In Waters’ opinion, certain areas like software still require more technically qualified professionals but, in general, one should acknowledge the fact that the candidates the additive manufacturing industry needs are out there. “The main challenge consists of getting the right skills set in the right geography. For each open vacancy, we can always find suitable candidates, but he or she may not necessarily be based in the required location, and that’s one of the key challenges that many companies still face. It’s true that more and more roles can be carried out remotely, but that’s not always possible”, Additae Digital’s founder outlines.
So, how should companies attract and retain talents?
Every company must answer this million-dollar question, no matter which industry it operates in. Here is the thing, AM remains a niche market where it is relatively easy to network with other people, but to successfully navigate this industry, “you have to be humble”, Waters states.
“You have to be humble to do business in this industry”, he repeats. “It’s important to understand that good candidates always have options. Companies should realize that people in the industry are hugely informed about Additive Manufacturing, so attracting or retaining them will depend on factors that go beyond the wage argument. Their ability to join or stay in a company often depends on their ability to progress both personally and professionally, to have the right balance between their personal and professional life, to recognize themselves in an organization’s values, or [to identify themselves with people who look like them].”
The focus on this latest point emphasizes another mission that is close to Water’s heart, and his company play its part in helping minorities thrive by putting on an equal footing all professionals no matter their gender, ethnicity, religion, or skin colour. A point that is further reinforced in the company’s rebranding this year – from Additae Global to Additae Digital:
“First and foremost, we needed to update what the company represents. The change to using the word “Digital” enables us to reflect the wide range of services we provide to the industry. As the Additive Manufacturing industry evolves, so do we. The market and new technologies are evolving to embrace the requirements of Industry 4.0. Adopting AM today, necessarily goes hand in hand with integrating software solutions, smart factories, IoT solutions and all other technologies related to industry 4.0, and all these digital manufacturing solutions have to be reflected in the services we can provide companies.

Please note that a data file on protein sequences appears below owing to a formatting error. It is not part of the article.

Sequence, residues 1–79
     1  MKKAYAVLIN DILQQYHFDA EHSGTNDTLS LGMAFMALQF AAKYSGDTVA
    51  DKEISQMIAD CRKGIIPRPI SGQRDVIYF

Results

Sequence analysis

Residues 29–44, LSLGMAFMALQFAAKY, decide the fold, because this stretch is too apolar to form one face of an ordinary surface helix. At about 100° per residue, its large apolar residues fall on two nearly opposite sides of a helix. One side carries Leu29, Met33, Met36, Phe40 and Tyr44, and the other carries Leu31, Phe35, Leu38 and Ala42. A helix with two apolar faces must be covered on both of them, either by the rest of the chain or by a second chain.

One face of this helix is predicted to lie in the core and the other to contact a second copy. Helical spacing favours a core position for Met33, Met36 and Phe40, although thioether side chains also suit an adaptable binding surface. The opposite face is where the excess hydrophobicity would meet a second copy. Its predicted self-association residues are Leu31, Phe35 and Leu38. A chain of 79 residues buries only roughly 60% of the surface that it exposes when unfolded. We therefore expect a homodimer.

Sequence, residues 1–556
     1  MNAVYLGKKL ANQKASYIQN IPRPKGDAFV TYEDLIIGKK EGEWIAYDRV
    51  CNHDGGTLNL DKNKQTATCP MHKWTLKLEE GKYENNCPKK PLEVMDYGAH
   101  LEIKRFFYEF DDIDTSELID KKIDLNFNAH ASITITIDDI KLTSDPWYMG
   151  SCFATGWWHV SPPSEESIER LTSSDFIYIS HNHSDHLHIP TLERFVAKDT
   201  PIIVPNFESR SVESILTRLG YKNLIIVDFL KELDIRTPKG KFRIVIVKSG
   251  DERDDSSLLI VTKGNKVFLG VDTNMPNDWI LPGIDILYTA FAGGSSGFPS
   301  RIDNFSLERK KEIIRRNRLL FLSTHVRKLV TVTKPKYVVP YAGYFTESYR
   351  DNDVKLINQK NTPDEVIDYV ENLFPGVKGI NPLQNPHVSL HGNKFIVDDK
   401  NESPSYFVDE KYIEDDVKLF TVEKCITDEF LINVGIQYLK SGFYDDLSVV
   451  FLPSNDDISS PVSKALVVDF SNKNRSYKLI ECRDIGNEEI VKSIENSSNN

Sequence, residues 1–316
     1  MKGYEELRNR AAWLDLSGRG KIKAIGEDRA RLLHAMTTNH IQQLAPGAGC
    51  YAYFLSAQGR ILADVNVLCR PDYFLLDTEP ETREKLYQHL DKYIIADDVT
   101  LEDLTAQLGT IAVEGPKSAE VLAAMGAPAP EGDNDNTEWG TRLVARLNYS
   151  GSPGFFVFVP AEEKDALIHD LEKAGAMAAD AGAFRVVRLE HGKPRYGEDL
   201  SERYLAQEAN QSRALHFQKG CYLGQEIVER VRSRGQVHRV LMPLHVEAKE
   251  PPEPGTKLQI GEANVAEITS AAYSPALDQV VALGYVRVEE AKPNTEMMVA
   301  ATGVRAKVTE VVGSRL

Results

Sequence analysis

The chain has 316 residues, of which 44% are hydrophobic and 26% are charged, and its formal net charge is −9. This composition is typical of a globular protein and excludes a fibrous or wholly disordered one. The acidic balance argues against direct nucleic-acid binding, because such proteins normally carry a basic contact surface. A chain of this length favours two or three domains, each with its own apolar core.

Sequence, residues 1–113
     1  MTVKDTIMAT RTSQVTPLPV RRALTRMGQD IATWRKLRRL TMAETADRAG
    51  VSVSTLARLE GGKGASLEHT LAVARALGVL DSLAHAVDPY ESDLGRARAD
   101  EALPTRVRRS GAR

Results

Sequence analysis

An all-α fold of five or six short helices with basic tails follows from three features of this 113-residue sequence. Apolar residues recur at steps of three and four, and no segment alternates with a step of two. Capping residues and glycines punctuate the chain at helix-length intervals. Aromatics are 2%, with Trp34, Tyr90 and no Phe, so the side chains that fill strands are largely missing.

Furthermore, we felt like changing the colour scheme of the company logo will help more people to feel included in our mission, and the conversation that we want to foster about diversity. Taking into account that people are at the core of what we do, we really wanted to highlight that.”
What will the 3D printing labour market look like in 2022?
According to Waters, “organizations will increasingly look for people with software experience. This is something that grew exponentially in 2021, and we believe that demand will only continue to grow. The other key focus area is where companies in the AM industry now start to focus on volume production, the requirement for manufacturing engineers will only grow, and there will be a trend towards trying to attract more people with hands-on aerospace, automotive and medical experience.”
Additae Digital will continue to go the extra mile to support organizations with their staffing requirements, and I have no doubt their efforts will pay off as they stay true to their vision that, “together we enable the makers of today to build a better tomorrow”.
This content has first been published in the 2021 November/December edition of 3D ADEPT Mag.